The Anti-War Show -- U.S. Interventions from Korea to Iraq
Track 16 Gallery is proud to announce its upcoming exhibition The Anti-War Show -- U.S. Interventions from Korea to Iraq, curated by Carol Wells from the archives of the Center for the Study of Political Graphics (CSPG). The opening reception will take place on Saturday, January 11, from 6 to 9 P.M. The exhibition will run through February 15, 2003. Gallery hours are 11 A.M. to 6 P.M. Tuesday through Saturday.
The Anti-War Show features posters documenting fifty years of domestic and international opposition to U.S. interventions around the world. These powerful graphic images, which illustrate the human cost and political futility of past wars, remain relevant because their legacies are present in the current conflict -- they raise questions about past interventions and foster debate about present ones. The posters document efforts of people who refuse to remain silent and use the power of art to inspire action.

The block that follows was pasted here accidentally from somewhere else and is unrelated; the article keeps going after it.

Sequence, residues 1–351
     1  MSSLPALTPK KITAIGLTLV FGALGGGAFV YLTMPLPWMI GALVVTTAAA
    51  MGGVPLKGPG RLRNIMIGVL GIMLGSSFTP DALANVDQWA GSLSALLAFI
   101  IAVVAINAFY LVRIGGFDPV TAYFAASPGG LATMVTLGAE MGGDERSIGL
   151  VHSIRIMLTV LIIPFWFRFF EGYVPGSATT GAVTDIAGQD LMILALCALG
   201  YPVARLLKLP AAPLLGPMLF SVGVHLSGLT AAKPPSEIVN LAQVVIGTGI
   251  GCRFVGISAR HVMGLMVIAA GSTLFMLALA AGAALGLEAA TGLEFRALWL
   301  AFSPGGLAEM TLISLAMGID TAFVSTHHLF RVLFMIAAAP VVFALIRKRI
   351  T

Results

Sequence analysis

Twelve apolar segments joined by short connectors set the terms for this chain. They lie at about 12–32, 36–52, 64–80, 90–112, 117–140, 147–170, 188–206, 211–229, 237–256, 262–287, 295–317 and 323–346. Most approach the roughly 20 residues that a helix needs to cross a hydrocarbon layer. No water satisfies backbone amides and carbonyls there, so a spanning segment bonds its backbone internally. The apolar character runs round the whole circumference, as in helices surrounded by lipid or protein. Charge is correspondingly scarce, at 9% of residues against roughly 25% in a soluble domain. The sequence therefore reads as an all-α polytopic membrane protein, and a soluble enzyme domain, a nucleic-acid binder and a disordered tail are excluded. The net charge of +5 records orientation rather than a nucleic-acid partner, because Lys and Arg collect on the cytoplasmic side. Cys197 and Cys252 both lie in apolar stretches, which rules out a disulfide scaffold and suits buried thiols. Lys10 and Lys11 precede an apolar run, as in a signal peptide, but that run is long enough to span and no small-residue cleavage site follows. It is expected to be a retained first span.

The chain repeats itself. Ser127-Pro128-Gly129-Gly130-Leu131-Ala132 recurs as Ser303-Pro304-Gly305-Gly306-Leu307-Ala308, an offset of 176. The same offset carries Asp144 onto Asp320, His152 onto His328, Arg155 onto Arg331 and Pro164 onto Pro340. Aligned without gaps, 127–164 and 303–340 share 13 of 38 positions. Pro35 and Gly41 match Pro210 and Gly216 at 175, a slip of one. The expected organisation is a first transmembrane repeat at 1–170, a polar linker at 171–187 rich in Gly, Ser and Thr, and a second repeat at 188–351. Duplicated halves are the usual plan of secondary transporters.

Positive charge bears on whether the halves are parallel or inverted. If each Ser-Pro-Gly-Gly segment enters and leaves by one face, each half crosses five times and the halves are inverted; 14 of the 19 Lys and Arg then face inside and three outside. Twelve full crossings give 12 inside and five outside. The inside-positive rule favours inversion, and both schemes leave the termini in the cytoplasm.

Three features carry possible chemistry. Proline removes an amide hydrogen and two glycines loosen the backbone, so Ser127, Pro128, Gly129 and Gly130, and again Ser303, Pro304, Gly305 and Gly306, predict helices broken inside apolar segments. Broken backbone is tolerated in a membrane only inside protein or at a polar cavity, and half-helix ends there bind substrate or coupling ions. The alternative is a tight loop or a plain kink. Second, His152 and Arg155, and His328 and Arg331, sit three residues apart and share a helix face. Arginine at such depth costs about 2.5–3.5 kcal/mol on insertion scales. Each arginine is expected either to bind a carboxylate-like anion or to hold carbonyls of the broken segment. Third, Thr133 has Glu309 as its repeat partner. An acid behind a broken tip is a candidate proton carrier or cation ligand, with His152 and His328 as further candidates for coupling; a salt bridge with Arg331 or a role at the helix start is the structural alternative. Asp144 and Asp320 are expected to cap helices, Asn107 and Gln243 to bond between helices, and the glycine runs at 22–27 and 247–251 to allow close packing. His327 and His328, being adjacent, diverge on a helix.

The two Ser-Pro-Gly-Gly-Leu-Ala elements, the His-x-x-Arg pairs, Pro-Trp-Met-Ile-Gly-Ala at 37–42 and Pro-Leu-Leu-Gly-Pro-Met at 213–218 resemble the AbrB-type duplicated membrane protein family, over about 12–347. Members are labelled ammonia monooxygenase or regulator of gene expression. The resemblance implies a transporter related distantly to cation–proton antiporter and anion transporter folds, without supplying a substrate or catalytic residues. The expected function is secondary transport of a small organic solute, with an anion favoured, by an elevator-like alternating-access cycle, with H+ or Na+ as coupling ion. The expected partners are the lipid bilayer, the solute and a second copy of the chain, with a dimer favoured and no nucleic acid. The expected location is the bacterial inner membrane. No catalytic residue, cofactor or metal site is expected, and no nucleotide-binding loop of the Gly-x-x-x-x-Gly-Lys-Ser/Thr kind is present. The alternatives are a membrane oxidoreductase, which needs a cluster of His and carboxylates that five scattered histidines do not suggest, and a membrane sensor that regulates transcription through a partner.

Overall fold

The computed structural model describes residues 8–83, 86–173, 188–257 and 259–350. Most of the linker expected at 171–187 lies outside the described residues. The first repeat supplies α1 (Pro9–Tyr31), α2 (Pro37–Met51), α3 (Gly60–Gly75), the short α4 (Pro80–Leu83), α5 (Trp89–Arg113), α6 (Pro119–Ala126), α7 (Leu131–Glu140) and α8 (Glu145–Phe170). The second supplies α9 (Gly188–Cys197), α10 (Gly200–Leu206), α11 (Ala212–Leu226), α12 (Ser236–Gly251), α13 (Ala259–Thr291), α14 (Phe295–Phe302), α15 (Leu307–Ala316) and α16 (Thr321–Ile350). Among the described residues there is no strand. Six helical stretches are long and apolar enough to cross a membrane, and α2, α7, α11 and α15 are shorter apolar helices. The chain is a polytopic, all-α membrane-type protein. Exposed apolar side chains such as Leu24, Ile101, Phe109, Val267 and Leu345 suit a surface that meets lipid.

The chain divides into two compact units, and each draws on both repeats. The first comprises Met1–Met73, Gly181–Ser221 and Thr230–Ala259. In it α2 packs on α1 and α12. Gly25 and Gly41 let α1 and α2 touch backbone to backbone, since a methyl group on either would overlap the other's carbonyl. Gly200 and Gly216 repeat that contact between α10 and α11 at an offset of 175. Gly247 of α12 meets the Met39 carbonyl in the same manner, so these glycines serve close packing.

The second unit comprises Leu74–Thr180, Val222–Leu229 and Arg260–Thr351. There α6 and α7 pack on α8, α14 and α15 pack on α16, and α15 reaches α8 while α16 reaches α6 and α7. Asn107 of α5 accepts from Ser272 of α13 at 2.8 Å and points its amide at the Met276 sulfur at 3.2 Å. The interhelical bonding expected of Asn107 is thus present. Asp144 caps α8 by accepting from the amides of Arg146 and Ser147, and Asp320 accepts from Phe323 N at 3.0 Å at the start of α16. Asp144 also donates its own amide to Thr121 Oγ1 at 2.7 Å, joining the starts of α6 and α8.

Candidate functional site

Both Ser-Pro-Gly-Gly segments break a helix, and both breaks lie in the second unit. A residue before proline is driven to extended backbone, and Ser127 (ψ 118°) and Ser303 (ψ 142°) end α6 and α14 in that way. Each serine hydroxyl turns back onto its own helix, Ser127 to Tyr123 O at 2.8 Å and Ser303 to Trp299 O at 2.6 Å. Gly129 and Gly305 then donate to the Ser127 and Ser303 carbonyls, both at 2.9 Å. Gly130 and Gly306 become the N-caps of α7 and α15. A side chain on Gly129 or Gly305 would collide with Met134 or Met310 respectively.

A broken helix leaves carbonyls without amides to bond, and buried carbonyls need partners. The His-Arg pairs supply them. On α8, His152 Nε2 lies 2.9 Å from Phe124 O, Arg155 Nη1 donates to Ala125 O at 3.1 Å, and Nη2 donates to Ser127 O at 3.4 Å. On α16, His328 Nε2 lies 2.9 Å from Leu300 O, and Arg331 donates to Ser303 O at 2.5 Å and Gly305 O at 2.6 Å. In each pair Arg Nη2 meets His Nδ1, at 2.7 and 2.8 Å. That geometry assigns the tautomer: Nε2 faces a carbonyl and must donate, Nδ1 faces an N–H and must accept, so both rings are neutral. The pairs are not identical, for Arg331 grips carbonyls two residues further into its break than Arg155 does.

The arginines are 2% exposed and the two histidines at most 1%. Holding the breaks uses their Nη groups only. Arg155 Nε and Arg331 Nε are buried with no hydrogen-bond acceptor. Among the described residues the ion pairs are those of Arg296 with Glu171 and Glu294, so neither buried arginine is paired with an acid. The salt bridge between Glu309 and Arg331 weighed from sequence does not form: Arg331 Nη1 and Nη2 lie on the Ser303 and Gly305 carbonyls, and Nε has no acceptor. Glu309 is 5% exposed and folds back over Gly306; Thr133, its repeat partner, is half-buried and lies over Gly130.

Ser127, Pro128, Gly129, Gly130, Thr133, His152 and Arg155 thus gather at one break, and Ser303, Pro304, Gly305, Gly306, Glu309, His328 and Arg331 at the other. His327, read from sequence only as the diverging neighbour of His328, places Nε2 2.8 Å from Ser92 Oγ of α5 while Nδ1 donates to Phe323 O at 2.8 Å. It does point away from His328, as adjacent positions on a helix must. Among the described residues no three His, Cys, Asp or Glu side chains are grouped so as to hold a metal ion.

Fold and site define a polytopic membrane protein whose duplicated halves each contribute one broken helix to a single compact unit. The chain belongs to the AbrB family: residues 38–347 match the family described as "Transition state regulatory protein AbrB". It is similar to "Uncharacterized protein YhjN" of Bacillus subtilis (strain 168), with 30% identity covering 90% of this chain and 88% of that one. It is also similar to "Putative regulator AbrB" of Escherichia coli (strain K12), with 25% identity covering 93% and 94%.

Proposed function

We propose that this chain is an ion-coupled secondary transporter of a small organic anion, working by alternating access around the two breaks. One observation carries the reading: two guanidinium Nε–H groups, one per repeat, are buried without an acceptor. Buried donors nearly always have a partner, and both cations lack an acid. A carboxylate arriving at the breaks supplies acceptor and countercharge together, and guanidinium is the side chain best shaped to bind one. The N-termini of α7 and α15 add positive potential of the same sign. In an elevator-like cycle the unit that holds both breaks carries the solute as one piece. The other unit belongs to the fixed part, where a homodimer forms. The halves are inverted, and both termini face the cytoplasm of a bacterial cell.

The United States is the focus of this exhibition. As citizens, we are ultimately responsible for the actions that are taken by our government in our name. Censorship and repression, so prevalent in wartime, invariably attempt to eliminate dissent, thereby violating the principles on which this democracy was founded. One definition of citizenship includes the obligation to struggle for justice -- as one poster's caption reads, "I should like to be able to love my country and also love justice." (Camus)
As part of our ongoing Track 16 Nights series, the Center for the Study of Political Graphics will sponsor the event Make Love Not War -- A Forum, a significant event for a significant other, on February 14 at 8 P.M. Confirmed participants are Robbie Conal, Carol Wells, Executive Director of CSPG, and a representative of California Peace Action. For more information and to RSVP for this event, please call The Center for the Study of Political Graphics at the above contact number.
Read articles in the LA Times about this exhibition:
Show draws from all walks
By Hilary E. MacGregor
In graphic protest
By Christopher Knight